All Posts In In Season

Layer by Meaty Layer: How to Build the Best Burger, According to Tim Love

by in In Season, Recipes, July 19th, 2015

Layer by Meaty Layer: How to Build the Best Burger, According to Tim LoveBun, meat and toppings — there are only a few key elements to a classic burger, but it’s crucial to make each a success when building this ultimate summertime favorite. No one knows meat quite like Chef Tim Love, a Texas-based restaurateur who’s recently partnered with Hellmann’s Mayonnaise as the brand launches its Squeeze bottle, and FN Dish checked in with him to get his takes on constructing the ins and outs of a tried-and-true burger. Read on below for what he had to say, then browse our best-ever burger recipes ideal for outdoor cookouts.

The Bun: What’s your favorite kind?
Tim Love: Potato bun. Keep it classic.

The Meat: What’s your favorite ratio, and how should it be cooked?
TL: I like a 50/50 blend of prime tenderloin and prime brisket, but grilling meats to the perfect temperature can be tricky. Try using a meat thermometer and look for 130 to 135 degrees if you’re going for medium rare. That’s how I like mine done.

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Don’t Make These Burger Mistakes (But If You Do, Here’s How to Fix Them)

by in In Season, Recipes, July 9th, 2015

Don't Make These Burger Mistakes (But If You Do, Here's How to Fix Them)The sun is shining, the grill is hot and you’re looking forward to a meal of juicy meat. Fast-forward 30 minutes and you’re face to face with a dry, overcooked hunk of steak or a tough chicken tender. What went wrong? Getting the grilling game right can be tricky. When it comes to grilling burgers, meat master and Texas restaurateur Chef Tim Love recently told FN Dish, “There are actually two common mistakes I see often, which are a shame, so listen up!” He shared his take on those two problems, plus offered ways for avoiding them next time.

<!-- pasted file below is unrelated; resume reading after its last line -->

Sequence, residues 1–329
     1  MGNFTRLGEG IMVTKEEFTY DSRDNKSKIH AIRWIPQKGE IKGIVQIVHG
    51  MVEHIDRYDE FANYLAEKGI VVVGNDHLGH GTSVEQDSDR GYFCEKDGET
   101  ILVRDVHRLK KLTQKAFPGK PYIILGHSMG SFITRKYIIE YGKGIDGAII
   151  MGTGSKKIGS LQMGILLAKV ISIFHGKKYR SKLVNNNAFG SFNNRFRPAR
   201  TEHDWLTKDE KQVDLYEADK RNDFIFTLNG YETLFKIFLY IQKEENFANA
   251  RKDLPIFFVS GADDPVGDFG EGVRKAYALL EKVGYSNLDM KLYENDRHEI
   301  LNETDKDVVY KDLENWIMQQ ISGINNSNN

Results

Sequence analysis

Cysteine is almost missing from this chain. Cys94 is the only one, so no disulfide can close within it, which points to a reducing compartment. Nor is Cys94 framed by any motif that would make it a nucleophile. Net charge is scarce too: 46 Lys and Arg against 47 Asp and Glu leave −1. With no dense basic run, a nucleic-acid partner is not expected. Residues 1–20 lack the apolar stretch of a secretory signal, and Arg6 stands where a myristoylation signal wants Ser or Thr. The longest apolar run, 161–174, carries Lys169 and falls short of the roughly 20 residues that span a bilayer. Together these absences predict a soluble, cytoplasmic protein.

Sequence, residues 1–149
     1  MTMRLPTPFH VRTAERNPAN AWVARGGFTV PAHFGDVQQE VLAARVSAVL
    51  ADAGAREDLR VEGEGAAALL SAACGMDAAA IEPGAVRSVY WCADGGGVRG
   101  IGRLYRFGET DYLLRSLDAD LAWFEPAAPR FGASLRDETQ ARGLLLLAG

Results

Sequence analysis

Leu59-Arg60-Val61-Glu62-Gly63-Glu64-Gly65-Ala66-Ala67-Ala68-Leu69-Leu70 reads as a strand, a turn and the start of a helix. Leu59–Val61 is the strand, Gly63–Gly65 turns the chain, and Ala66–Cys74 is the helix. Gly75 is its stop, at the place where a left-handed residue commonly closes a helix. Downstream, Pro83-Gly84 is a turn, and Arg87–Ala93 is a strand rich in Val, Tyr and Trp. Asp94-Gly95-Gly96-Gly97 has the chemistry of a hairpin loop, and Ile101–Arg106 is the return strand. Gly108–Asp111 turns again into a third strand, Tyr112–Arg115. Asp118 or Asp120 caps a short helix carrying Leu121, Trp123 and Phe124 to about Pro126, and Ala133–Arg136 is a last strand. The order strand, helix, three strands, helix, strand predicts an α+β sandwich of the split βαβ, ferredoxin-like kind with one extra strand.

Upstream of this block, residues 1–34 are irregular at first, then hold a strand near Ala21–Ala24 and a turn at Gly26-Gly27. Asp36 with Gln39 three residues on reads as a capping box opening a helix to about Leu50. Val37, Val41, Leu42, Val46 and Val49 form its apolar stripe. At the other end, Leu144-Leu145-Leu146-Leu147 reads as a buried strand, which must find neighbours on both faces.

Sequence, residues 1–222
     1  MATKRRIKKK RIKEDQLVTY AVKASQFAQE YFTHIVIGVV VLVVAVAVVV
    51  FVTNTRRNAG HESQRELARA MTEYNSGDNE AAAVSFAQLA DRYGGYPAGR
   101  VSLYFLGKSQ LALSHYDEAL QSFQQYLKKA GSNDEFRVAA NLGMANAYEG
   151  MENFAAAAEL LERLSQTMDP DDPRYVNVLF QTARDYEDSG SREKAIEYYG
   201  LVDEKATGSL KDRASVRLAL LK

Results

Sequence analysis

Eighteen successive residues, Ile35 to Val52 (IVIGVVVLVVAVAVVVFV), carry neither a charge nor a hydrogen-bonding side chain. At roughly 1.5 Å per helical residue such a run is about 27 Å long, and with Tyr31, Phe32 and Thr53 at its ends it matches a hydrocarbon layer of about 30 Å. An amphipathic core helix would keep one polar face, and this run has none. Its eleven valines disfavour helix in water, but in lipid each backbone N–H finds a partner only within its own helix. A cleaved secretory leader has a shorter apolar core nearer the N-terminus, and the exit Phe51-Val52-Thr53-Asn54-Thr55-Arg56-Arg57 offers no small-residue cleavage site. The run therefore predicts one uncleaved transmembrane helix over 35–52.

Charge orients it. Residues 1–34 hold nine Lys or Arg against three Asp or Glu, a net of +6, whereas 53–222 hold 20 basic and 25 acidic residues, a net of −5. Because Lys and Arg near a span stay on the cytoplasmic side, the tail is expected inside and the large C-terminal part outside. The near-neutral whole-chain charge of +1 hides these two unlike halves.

1. Flip Burgers Once and Only Once: Constant turning will toughen and dry out meat, and if you flip too soon, burgers will stick. Cook 2 minutes per side for rare, 3 for medium-rare, 4 for medium and 5 for well-done.

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How to Master Meat: Chef Tim Love’s Tips and Advice for a Scorching July 4th Cookout

by in In Season, Recipes, July 2nd, 2015

Tim LoveWhen it comes to manning the grill, Tim Love, a longtime chef and restaurateur, is all business. This born-and-bred Texan is known for his expert preparation of meat, fusing together classic Western flavors with modern ingredients and flavors. On the all-new summertime tournament Chopped Grill Masters (premiering July 14 at 10|9c), Love will takes his place among the roster of esteemed Chopped judges as a master of meat as he oversee the 16 grilling professionals who are trying to wow the panel with worthy barbecue fare.

Just in time for this weekend’s 4th of July party, FN Dish caught up with Tim, who’s also teamed up with Hellmann’s Mayonnaise, which is celebrating a brand-new squeeze bottle, for his take on how to win the holiday cookout scene. From make-ahead favorites to his all-time favorite meat to grill, read on below to hear from Tim in an exclusive interview.

Come grilling season, which dish are you most looking forward to making every year? What do you crave most?
Tim Love: Nothing says summer like kebabs on the grill. There is just something about cubes of beef and veggies stuck on a stick over a flaming grill that makes me giddy. My go-to is Rosemary Steak Kebabs, because you can use the rosemary branches for skewers so it adds to the flavor.

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Summer Cooking (and Eating), Alex Guarnaschelli Style

by in Food Network Chef, In Season, July 1st, 2015